“Different items, different stores”
|January 14, 2013|
Breaking Bad, AMC
From London Review of Books:
There’s a scene in Breaking Bad, a third of the way through the 54 episodes shot and screened on US TV so far, that marks a significant moment in the gradual passage of its central character, Walter White, from hero to villain. Walter, a middle-aged high school chemistry teacher who’s become a manufacturer of illegal drugs, is walking down the aisle of a DIY superstore in his home town of Albuquerque, New Mexico, buying paint for his basement, when another customer’s laden trolley catches his eye. Walter realises the stranger is buying precursor chemicals to synthesise methamphetamine, ‘meth’, the same addictive, feel-good narcotic Walter and his partner secretly cook up in the back of a jumbo camper van in the desert.
At this point in the story Walter’s hours in the meth lab and violent encounters with drugs trade players are interspersed with sessions in the classroom, where he grades papers and, with evident pleasure, talks teenagers through the intricacies of valency and oxidation. It’s from this side of his personality – the patient teacher, pedantic, pernickety, but eager to help a future colleague – that his immediate reaction to the stranger’s shopping list comes. He tells him he’s buying the wrong matches.
‘What?’ asks the stranger, a shambling, dead-eyed wreck of a man. With gentle muzak warbling in the background, Walter clues him in:
Those matches, they’re the wrong kind. Red phosphorus is found in the striker strips, not the matches themselves. You need to get the big 200-count case of individual matchbooks. More striker strips, you understand? Those only have the one.
Walter the educator can’t stop. He has an irresistible urge to share the drugs lab lessons he has so painfully learned.
And don’t buy everything in one place. Do it piecemeal. Different items, different stores, attracts less attention. Are you following me here?
The stranger panics and rushes away. At first Walter laughs and makes for the checkout. But as he waits in line we see his face harden and the new Walter assert himself: the criminal businessman with a market to protect from rivals. He marches into the parking lot and faces down the stranger’s meat-mountain boss. ‘Stay out of my territory,’ Walter says, with utter conviction in his own menace; without a word, his nascent competitors flee the scene.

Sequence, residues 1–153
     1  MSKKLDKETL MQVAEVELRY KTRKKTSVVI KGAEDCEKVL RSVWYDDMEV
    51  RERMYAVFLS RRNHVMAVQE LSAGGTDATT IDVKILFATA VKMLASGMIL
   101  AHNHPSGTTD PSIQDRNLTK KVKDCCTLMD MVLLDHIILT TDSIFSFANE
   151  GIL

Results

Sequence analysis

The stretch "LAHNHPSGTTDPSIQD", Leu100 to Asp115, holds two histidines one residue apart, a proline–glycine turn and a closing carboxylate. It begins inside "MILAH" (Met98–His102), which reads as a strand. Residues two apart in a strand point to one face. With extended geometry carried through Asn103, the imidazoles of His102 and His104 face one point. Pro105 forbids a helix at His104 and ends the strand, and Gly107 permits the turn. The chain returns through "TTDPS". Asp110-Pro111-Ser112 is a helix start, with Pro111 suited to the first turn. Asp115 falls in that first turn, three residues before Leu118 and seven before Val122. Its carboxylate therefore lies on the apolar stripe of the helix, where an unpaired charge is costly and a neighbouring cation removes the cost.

In the smile that creeps over Walter’s lips after his act of intimidation we see an early glimpse of the real allure that drives him on, although he doesn’t yet realise it. As Peter Robb writes in Midnight in Sicily:
The colossal wealth brought by the drug trade brought no improvement to the lives of those who risked their necks for it. The furtive enjoyment of a fast car or a gold Rolex or expensive clothes was cold comfort in a life of hiding, sexual misery, mistrust, the constant fear of betrayal and death. The old mafia reward hadn’t been wealth but power. ‘Giving orders is better than fucking,’ was an often-heard mafia saying.
Walter is played by Bryan Cranston, previously best known for comedy roles – the father in Malcolm in the Middle and the dentist Tim Whatley in Seinfeld. Walter White is, for Cranston, a great mid-life unfolding of talent meeting opportunity: the challenge of a part within a part, an actor playing a man who is constantly forced to be an actor in order to preserve what he has, up to and including his life. White has to lie to his pregnant wife, Skyler, and his disabled son, Walter Jr, about his mysterious absences and who’s paying for his cancer treatment, but also to his brother-in-law Hank, a senior agent in the Drug Enforcement Agency. He has to lie to his partner in crime, young Jesse Pinkman (Aaron Paul), and the various dealers, users and killers he works with and against. At first, the lie is to make him seem more dangerous and ruthless than he is. As the story goes on, the lie shifts and we see Walter claiming the root personality of a decent, civilised man, forced by circumstances into temporary lawbreaking, even as the evidence mounts that his first lie wasn’t a lie at all; that he is the most dangerous and ruthless of them all.
Inherent Vice’s Two Directions
The jokes certainly strike one as sophomoric and the latter one as clichéd, further below Pynchon’s intelligence than one would like to think he would stoop, at least in print. Discounting them and moving on, or throwing the book across the room as Parker half implies we should do, however, would be to lose sight of “that high magic to low puns”.
Auden, Larkin and Love
I was prompted to revisit these ancient questions anew by a long footnote about a single line in the new Complete Poems edition of Philip Larkin’s poetry. The footnote refers to “An Arundel Tomb” contains a provocative remark about that the poem’s celebrated, controversial, closing line, the one about the true nature of immortality: “What will survive of us is love.”
Plato, Our Comrade?
Not surprisingly, there have already been critics of Badiou’s translation. The first is that his translation breaks the formal rules of translation to such a degree that the original meaning of the text has lost its significance. But this critique is inadequate at face value because Badiou’s hyper-translation is forthright in its intention of taking Plato’s concepts and modifying them into his own lexicon.